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Original Issue

9 Cleveland BROWNS

Patience is the play in Cleveland—heard that one before?—even with a restocked defense that should live up to the AFC North's absurdly high standards

SINCE THE Browns were reborn in Cleveland, in 1999, the best month for the team has usually been August. Tim Couch really looks like a playoff quarterback in camp this year.... Finally we've got big-time weapons in Braylon Edwards and Kellen Winslow.... Glad we're going back to ground and pound—this Peyton Hillis is unstoppable!

This year there's a more pragmatic sense of We're on the right track; this isn't our year, and we're dubious about our QB, but our D can still punch some people in the mouth.

First there was the administration change. New owner Jimmy Haslam saw out president Mike Holmgren, G.M. Tom Heckert and coach Pat Shurmur. Enter CEO Joe Banner, G.M. Mike Lombardi and coach Rob Chudzinski. That group's biggest decision was to stick with Brandon Weeden—the NFL's 29th-rated passer as a rookie—but when Banner speaks about the future, you get the feeling he's got his QB in mind when he says, "I think about the parts of the team that we know aren't ready; at the end of the season we're going to have work to do on our roster. We aren't sure yet where all those spots are."

The Browns are going to have to win a few 17--13 and 12--10 games in 2013 in order to take the Leap. Trent Richardson is a potential game-turner who can run powerfully between the tackles. But unless Weeden plays significantly better than he did a year ago—and with a two-game suspension for his top weapon, wideout Josh Gordon, he won't start with a full deck—Richardson won't be able to carry the attack by himself. The run defenses of all three division rivals are just too good, and in the hypercompetitive AFC North, 7--9 is probably the best fans can hope for.

But it should be a competitive 7--9. Defense is the common denominator in the division, and the Browns have a top 10 D, a unit with few weaknesses outside the corner opposite Joe Haden, where the untested Buster Skrine and Chris Owens are battling for a job.

Well under the cap, the Browns plowed their dollars into their defense, investing $19.2 million to significantly upgrade a pass-rush that averaged just 2.4 sacks per game last season. Free agent Desmond Bryant, a 310-pound interior disrupter, was a loss that pained Raiders G.M. Reggie McKenzie; and the Browns got themselves a nickel pass-rush with the additions of free-agent Paul Kruger and first-round choice Barkevious Mingo, from LSU. Kruger led the Ravens with nine sacks last year, but he's not a natural run-stopper and requires a bookend to be effective. He will get that complement in Mingo, whose college numbers didn't reflect his value. His body type and outside speed remind evaluators of Aldon Smith, who had a 14-sack rookie year with the Niners in 2011.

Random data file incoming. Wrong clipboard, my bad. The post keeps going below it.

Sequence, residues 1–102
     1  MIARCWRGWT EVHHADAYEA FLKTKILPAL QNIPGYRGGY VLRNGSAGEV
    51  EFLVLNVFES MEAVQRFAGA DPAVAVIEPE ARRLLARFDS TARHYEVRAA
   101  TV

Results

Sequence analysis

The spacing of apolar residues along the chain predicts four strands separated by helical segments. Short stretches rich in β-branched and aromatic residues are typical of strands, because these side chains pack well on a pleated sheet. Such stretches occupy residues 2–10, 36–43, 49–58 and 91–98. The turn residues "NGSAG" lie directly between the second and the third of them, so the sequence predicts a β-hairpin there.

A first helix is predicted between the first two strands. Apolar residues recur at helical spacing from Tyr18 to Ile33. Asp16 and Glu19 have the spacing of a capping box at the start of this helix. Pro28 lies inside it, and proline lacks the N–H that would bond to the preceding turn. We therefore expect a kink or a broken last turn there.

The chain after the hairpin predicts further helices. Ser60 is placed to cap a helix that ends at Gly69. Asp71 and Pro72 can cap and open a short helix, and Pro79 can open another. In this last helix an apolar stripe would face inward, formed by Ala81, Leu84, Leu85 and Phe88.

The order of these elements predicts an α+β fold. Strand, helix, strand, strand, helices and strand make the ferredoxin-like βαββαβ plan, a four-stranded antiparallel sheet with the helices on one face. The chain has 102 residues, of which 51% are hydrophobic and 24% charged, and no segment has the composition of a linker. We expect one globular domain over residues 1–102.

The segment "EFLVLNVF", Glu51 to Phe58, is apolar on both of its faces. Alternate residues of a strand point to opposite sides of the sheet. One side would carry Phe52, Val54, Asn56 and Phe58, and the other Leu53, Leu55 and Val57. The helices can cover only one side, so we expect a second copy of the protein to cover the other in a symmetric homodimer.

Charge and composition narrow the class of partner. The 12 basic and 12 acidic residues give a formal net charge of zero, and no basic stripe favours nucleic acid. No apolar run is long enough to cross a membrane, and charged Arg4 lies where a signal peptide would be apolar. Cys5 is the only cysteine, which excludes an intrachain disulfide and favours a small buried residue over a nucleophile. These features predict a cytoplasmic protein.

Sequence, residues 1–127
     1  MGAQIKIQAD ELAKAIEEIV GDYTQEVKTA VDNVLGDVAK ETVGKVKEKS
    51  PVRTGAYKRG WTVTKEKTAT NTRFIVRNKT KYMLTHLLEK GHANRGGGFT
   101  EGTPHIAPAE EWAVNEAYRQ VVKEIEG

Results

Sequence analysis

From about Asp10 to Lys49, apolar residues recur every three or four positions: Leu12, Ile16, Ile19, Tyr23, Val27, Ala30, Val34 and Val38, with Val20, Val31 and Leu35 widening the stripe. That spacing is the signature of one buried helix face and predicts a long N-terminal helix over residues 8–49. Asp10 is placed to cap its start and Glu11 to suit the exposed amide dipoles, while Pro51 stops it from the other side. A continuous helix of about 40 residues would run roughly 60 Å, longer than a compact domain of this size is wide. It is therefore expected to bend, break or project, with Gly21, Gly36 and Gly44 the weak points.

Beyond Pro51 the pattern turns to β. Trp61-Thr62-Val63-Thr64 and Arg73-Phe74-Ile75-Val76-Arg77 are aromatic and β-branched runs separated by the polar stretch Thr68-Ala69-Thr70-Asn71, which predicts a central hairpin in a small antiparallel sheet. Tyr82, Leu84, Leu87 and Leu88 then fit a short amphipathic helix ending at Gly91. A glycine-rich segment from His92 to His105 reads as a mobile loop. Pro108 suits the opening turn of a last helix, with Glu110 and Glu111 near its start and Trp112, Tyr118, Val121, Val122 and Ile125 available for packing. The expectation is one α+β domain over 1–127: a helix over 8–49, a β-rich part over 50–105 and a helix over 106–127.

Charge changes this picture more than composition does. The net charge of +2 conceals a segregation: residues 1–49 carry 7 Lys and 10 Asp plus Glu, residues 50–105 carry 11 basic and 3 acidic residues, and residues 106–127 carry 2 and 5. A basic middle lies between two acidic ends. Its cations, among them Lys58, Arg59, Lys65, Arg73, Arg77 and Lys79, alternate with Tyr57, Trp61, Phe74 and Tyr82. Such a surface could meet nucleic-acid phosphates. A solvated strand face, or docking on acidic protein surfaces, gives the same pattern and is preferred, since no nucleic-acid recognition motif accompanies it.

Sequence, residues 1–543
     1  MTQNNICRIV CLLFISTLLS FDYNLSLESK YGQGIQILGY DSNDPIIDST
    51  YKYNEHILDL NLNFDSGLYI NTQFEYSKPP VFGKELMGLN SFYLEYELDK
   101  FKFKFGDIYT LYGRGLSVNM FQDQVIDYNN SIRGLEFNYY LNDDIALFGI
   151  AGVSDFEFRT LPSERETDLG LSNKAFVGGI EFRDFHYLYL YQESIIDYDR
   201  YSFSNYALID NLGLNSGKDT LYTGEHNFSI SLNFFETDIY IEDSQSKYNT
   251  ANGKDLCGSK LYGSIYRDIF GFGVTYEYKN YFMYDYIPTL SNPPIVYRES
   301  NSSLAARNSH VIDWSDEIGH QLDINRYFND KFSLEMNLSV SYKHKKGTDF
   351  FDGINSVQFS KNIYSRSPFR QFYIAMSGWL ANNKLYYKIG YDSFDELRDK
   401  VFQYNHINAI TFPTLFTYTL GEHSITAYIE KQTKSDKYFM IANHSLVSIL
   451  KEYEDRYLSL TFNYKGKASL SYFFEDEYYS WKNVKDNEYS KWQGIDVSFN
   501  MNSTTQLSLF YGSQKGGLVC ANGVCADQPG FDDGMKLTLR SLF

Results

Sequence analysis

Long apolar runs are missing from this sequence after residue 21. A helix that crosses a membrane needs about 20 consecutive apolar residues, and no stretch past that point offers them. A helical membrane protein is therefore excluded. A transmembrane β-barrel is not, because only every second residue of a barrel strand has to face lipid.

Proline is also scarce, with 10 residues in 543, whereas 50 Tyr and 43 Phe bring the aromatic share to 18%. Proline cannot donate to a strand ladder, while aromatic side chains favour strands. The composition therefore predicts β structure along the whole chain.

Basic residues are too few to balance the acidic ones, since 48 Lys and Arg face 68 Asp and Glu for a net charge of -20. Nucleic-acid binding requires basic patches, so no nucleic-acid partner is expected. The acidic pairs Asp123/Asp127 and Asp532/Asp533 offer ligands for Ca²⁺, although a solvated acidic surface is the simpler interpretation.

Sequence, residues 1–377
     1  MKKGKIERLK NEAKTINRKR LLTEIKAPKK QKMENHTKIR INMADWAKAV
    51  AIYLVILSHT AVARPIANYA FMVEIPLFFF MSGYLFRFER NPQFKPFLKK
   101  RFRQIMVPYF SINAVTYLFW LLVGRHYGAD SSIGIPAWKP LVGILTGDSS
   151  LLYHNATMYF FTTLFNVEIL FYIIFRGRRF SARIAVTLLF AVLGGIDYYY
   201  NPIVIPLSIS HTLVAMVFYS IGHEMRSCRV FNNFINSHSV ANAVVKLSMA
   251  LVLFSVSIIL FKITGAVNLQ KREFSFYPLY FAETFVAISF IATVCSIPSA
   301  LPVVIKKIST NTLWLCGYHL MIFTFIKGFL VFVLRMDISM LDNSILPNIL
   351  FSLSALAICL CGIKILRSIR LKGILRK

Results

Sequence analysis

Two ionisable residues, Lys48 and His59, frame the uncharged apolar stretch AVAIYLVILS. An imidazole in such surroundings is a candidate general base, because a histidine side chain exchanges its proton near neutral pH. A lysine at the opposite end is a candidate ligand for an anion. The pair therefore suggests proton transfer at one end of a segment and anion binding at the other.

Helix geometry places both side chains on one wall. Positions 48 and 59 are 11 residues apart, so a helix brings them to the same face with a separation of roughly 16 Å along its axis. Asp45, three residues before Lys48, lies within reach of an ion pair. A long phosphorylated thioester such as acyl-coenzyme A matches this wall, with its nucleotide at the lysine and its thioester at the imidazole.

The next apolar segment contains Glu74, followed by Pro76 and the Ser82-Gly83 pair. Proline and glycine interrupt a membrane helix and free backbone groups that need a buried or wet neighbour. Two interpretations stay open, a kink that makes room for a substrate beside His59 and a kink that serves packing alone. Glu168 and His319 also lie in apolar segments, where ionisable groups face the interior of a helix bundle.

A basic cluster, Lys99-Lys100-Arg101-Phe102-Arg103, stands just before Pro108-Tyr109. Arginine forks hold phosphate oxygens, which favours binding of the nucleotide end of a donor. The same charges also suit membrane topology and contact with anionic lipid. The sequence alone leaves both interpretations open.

Anyone who witnessed an afternoon training session this August understands why the front office was fixated on Mingo, the best rookie I saw in camp this year. Twice in one 11-on-11 drill he blew by the left tackle and got to the QB; later he powered through the tackle-guard gap with a swim move, disrupting the play in the backfield. Once he returns from a bruised lung, Mingo may play only as a nickel rusher, but if he makes an impact there, it will be enough. "Great instincts for a young player," says linebacker D'Qwell Jackson, whose own pass-rush should be improved by two tough edge guys. "Barkevious bats down a lot of balls. We need two good rushers, and I think we've got them now."

Jackson also touched on the philosophy of new coordinator Ray Horton. Last season, as Arizona's coordinator, Horton blitzed on 47% of opponents' passing plays, the second-highest rate for any team and well above the 32% NFL average. In 2013, Jackson says he expects the Browns might bring blitzers on 30 snaps a game, which would be a significant increase from their average of 22 in '12.

"I've played with a lot of good defensive players here," says Jackson, "but this year we've got enough of them to be great. There's logic to [Horton's blitzes]; every guy's capable of making a play at any time."

Traditional division kingpins Baltimore and Pittsburgh have that mentality: Don't wait for the offense to win the game; we can win on the other side of the ball. The Cleveland defense will steal a few games too. It won't be enough to overcome the shortcomings of the offense, but it's a start.


Offensive coordinator Norv Turner

When the Browns talked to Rob Chudzinski about their coaching job this off-season and he mentioned that if he got the gig, he'd bring along Turner as his offensive coordinator, Cleveland brass was impressed but skeptical. So Chudzinski called Turner, who confirmed that he'd be fine answering to someone else. That, Cleveland execs thought, was a feat—because of all the offensive minds out there, Turner had the best pedigree in coaching up young passers. Turner's task is clear and daunting: make a winning QB out of Brandon Weeden. Troy Aikman often said that his career would have been significantly diminished without Turner's tutoring. As Weeden's mentor, Turner is working on limiting the number of passes that the 29-year-old has batted down (as a rookie in 2012 he had an NFL-high 21) and on improving his vision in the shotgun. Turner, who also tutored Philip Rivers to major success, is the best hope of getting Weeden to think faster and smarter. But it's a big job. Early in camp, Weeden stared down a receiver, and two linemen got their paws on the pass. Turner clapped his hands, as if to say, You can't do that! Weeden knows. The classroom work will last all season.


(N) New acquisition